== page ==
Chapter 5: Trade and General Equilibrium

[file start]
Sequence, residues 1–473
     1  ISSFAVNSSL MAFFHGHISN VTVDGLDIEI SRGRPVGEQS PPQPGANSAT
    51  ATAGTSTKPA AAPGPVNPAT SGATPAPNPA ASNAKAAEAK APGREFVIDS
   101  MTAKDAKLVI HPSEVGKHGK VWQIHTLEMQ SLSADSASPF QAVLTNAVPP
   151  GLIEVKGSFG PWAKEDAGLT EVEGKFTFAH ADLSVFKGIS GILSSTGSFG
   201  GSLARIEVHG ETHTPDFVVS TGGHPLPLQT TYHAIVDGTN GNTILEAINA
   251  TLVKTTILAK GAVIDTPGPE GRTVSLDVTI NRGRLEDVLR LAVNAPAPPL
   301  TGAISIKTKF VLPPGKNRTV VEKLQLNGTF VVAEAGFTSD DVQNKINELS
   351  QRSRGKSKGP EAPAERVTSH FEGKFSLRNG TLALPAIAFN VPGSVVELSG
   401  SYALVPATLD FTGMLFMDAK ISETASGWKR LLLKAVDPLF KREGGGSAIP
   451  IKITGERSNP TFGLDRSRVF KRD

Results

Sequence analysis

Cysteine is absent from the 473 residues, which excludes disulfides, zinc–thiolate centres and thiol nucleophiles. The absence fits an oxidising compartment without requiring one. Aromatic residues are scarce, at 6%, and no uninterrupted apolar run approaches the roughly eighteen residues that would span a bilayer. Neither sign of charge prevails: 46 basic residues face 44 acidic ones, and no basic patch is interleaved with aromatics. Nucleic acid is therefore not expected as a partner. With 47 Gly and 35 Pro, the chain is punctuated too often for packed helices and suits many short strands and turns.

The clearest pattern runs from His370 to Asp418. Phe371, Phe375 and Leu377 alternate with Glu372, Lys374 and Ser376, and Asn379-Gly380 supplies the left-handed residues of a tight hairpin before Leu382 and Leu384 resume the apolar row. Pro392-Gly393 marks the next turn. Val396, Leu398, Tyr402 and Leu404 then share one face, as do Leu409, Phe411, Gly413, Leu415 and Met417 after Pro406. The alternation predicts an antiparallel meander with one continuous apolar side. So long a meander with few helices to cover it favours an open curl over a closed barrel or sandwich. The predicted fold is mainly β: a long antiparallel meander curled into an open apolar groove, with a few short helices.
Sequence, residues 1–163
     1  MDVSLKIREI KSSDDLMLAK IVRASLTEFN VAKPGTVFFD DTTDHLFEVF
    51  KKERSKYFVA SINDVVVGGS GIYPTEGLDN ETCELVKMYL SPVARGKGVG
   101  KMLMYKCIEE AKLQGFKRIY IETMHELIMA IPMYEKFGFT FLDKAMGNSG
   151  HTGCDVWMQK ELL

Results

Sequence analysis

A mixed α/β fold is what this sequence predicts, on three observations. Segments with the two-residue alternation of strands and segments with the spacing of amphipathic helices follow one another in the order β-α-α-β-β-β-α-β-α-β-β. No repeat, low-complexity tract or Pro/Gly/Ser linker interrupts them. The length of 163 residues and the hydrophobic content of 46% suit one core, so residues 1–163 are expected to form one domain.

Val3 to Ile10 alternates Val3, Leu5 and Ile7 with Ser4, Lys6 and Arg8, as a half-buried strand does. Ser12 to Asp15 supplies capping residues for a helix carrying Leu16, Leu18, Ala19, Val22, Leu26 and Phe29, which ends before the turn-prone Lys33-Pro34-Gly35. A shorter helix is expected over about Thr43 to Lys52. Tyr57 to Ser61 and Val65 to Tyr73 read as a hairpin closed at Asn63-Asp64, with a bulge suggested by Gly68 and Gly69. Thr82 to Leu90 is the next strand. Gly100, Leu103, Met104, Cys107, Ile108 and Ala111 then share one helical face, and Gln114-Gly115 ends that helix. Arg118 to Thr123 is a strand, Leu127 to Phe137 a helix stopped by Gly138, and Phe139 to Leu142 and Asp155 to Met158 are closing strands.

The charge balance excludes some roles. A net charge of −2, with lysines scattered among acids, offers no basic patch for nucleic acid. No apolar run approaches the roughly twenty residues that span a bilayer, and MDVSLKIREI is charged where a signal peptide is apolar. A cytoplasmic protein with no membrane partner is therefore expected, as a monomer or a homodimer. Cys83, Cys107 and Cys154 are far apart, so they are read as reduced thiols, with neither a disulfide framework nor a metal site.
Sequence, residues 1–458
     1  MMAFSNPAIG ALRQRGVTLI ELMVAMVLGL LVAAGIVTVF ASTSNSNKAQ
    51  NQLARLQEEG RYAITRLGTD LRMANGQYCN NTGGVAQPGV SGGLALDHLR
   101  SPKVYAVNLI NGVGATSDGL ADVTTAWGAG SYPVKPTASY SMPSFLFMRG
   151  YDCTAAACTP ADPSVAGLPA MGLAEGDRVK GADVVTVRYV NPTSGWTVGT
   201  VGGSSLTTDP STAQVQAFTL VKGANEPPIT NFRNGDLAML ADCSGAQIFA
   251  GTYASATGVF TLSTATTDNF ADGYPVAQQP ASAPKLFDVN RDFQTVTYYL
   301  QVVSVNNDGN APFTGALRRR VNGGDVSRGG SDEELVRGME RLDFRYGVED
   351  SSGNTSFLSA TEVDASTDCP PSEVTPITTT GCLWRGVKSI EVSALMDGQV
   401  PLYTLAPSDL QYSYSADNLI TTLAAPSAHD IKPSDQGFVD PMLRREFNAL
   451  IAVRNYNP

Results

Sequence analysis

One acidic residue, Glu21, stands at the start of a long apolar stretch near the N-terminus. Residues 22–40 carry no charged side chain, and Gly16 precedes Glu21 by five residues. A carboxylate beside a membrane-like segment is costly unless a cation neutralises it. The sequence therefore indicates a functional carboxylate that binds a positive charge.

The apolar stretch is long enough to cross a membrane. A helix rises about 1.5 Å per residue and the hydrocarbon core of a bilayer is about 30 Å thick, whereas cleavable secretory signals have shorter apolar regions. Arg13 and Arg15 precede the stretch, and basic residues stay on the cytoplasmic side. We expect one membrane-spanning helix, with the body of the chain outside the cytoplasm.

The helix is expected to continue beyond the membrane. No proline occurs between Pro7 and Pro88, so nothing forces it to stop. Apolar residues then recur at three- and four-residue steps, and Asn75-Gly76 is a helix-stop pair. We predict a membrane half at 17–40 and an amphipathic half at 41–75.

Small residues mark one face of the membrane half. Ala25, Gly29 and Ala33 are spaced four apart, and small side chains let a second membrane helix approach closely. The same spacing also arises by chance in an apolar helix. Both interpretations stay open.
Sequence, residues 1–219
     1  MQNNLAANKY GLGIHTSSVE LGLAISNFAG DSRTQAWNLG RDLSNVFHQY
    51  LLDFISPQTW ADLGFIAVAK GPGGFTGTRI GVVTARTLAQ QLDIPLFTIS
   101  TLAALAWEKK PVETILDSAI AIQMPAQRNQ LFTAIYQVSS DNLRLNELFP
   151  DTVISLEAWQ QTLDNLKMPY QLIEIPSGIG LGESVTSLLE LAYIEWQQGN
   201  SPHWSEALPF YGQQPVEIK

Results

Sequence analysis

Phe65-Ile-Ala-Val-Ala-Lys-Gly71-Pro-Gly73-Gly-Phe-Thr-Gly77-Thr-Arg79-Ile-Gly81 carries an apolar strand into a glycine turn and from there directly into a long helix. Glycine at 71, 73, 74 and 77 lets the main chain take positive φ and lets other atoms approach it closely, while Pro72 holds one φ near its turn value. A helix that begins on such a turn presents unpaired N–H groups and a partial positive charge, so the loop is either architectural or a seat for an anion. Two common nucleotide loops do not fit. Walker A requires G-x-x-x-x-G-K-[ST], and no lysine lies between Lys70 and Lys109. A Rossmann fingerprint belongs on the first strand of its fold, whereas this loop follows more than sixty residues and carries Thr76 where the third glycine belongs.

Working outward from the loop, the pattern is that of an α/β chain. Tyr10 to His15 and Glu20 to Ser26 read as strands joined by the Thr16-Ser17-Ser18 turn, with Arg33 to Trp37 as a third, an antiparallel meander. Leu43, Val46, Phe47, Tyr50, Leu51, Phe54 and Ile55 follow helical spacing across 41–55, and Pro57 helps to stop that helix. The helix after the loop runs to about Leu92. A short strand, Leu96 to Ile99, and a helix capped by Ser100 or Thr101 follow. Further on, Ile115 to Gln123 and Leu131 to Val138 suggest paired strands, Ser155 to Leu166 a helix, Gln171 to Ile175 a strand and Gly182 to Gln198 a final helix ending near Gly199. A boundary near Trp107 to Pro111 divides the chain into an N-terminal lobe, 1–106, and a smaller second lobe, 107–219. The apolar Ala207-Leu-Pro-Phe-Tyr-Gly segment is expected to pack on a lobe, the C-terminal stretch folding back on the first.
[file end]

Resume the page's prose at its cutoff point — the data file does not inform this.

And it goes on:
5.1 THE APPROACH TO GENERAL EQUILIBRIUM The 1930s Watershed The transformation curve (or concave production-possibility frontier) was introduced into trade theory by Enrico Barone in 1908, but for various reasons his contribution went unnoticed (as previously mentioned). Twenty-two years later, Haberler reintroduced the construction under the label of ‘production substitution curve’. It was a diagrammatic representation of a country’s maximum attainable set of outputs for two commodities from a given supply of productive factors, and described the rate at which commodities could be substituted for each other not only under constant opportunity-cost conditions, but also under increasing and decreasing costs as well. Under increasing costs (the assumption frequently made) the production-possibility frontier is drawn strictly concave to the origin, that is, the production-possibility set is convex, reﬂecting the law of diminishing marginal productivity. For Haberler, the great advantage of the approach was that it dispensed with the need for a labour theory of value, or a real cost theory or indeed for any other speciﬁc theory of costs. It enabled relative commodity prices to be analysed under conditions of variable factor proportions in a more straightforward manner than was possible with the real cost approach espoused by Taussig and Viner. It restored simplicity to the original Ricardian doctrine of comparative costs by making obsolete the use of illdeﬁned concepts like ‘bales’ and ‘units of productive power’ introduced by Marshall, Edgeworth and others to deal with the analytical problems posed by a multiplicity of productive factors. Although others...
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